Over the years, other alleged anti-gay incidents have taken place at Morehouse, one of the premier historically black universities in the country and the alma mater of Dr. Martin Luther King Jr.
In October 2009, Morehouse administrators instituted an “Appropriate Attire Policy” that among other things banned men from wearing women’s clothing on campus. Many LGBT activists on and off campus saw the policy as discriminatory.
Deemed transphobic by some LGBT activists, the dress code policy was aimed at a small group of men dubbed the “Mean Girls of Morehouse” in an article in Vibe magazine.
Also in October 2009, Morehouse fired an employee who worked in the president’s office after she sent out an email to other employees that mocked a male couple and their wedding photos.
Progress with Gay Pride, LGBT summit and Bayard Rustin scholars
But progress continues to be made on the HBCU campus. In April 2010, Morehouse held its first Gay Pride and confronted the dress code policy with members of Soulforce.
Morehouse also participated in the historicl summit hosted at its sister university, Spelman College, in April 2011. The summit, titled the Audre Lorde Historically Black Colleges & Universities Summit, was the first of its kind to look at LGBT issues — from forming LGBT affinity groups to staff training on sexuality and gender issues — at historically black colleges and universities.
Allen attended Morehouse but finished his undergraduate work at New York University and received his PhD from Columbia University.
He didn’t finish his degree at Morehouse because the stress of being openly gay on a campus that was hostile to his sexual orientation was too much to handle.
“My coming out was at a time when it was so hard to be informed and have a mutually compassionate discussion — and the institution was unprepared and unwilling to help,” Allen told the GA Voice.
Allen was a campus leader, a member of a fraternity and in love with a woman — until 1990, his senior year.
“By my senior year, the relationship with the woman ended and I came out. I constantly had these conversations with classmates and friends and acquaintance where we weren’t hearing each other,” Allen said.
Fortunately for him, however, he was able to find strong support from his family as well as an established black LGBT community in Atlanta. And after several years of studying African American and LGBT studies himself, he returned to college. Returning to Morehouse to teach an LGBT course is a “full circle moment” for Allen.
“To see things have changed so much, although it is not where it needs to be, and to have the institution enthusiastic to have this course is very heartening to me,” he said.
‘We are moving toward something great’
Allen admitted he didn’t believe Morehouse would agree to have the course offered to students, but Marcus Lee, 19, a sophomore and the college’s SafeSpace’s Special Project and Events Coordinator, thought differently.
Lee had contacted Allen about such a class and when Allen agreed to help, Lee then went to Dr. Michael Hodge, chair of the Morehouse sociology department.
“I contacted Dr. Allen and he and I started to talk about ways he could mentor me through scholarship,” Lee said in an interview. Allen suggested he teach an informal class through videoconference and Lee decided, “Let’s offer it for credit” and got the OK to do so from Hodge.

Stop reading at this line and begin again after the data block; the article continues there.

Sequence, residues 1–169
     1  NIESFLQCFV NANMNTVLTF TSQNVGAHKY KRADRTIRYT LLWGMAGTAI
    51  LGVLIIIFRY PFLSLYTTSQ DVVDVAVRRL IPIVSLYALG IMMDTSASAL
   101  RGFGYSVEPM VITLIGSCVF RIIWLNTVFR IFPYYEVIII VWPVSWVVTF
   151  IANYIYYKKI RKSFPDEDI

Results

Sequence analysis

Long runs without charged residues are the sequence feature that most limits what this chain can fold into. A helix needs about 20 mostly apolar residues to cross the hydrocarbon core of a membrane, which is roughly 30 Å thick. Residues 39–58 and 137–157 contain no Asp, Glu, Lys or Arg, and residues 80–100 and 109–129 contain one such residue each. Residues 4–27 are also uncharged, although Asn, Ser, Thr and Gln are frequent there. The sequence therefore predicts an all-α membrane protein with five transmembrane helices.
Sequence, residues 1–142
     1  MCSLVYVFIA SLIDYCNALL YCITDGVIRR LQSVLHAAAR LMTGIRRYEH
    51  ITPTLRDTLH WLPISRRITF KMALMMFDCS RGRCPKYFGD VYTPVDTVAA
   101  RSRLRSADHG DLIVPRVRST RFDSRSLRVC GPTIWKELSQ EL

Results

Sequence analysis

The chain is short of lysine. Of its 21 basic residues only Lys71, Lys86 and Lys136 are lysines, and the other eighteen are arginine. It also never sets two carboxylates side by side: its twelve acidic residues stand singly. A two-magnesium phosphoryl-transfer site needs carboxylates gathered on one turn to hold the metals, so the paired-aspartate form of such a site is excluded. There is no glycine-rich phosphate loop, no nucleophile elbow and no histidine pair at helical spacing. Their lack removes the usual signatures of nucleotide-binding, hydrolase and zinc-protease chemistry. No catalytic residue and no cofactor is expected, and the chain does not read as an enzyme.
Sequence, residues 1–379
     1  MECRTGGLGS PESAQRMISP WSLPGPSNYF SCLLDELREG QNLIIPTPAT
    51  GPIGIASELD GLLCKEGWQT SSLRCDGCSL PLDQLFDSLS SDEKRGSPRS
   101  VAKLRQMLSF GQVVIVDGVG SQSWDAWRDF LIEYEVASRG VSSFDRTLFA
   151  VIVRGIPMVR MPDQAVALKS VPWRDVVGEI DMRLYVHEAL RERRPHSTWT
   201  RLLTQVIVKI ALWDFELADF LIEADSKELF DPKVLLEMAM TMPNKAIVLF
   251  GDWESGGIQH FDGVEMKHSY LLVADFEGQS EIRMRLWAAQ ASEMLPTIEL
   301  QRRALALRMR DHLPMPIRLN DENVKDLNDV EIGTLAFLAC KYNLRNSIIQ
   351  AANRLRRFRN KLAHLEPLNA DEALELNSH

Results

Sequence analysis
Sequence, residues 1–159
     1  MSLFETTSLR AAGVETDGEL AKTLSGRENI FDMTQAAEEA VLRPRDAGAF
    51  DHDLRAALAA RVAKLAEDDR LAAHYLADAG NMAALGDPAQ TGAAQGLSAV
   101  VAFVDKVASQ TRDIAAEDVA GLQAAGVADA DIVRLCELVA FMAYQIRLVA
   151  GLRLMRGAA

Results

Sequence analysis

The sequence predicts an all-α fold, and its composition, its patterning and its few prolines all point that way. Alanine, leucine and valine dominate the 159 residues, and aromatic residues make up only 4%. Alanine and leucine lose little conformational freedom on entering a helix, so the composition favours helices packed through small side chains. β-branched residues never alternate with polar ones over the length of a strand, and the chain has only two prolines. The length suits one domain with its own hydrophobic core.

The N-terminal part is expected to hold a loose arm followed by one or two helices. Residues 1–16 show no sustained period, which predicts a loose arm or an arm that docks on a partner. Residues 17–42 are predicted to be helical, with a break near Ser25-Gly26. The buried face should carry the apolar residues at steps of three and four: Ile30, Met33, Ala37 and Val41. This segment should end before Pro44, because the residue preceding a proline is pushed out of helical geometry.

“I didn’t think that the institution was ready or would be welcoming,” Allen said.
“When Marcus Lee mentioned to me he and other students wanted to study … I thought of an informal class. I thought that’s what was possible. That was from my limited perspective,” Allen said.
“But because [Lee] has been there and because younger people thankfully have a bigger sense of what’s possible, he went to Michael Hodge,” Allen said.
Within a couple weeks the four-credit course was up and running.
“It means a great deal for the students and me, but symbolically for the institution. This is sort of a bellwether, a test project of what is possible and for me to advise Morehouse faculty to make sure this course is incorporated into the regular curriculum,” Allen added.
Lee said he wanted such a course to be taught on campus and to his fellow classmates because there needs to be intentional focus on lesbian, gay, bisexual, transgender, queer and same gender-loving people to ensure all people are integrated on campus.
“I think Morehouse hasn’t gotten to a point where it fully understands its men who are not heterosexual,” Lee said. “That affects us in various ways. For straight guys, they need to know we are part of their community.”
Lee acknowledges the past anti-gay incidents at his college. But he believes Morehouse is moving past those “dark days.”
Those incidents at Morehouse were indicative of the misunderstanding of LGBT people and issues and residual effects of not having intentional dialogues about all people, Lee added.
“Morehouse has struggled to respond to the incidents. But I think that’s where SafeSpace and students step up and really respect the brotherhood we have on campus,” Lee said. “We are not here to walk around and complain. That’s exactly what we don’t want to do. Rather we want to cooperate with them.”
Lee received help in ensuring the LGBT course would be taught from fellow student Kenneth Pass, president of Morehouse’s SafeSpace program.
“This class is good for Morehouse,” said Pass, 20, a junior. “I think it’s about making sure people are being challenged. Typically if people are heterosexist, they wont talk about LGBTQ individuals. Having this course at Morehouse we are intentionally trying to figure out what is this LGBTQ thing.
“We are taking people out of their comfort zones,” Pass said.
“Each year Morehouse is taking more and more strides to becoming an epicenter for social change. We are moving toward something great,” said Pass.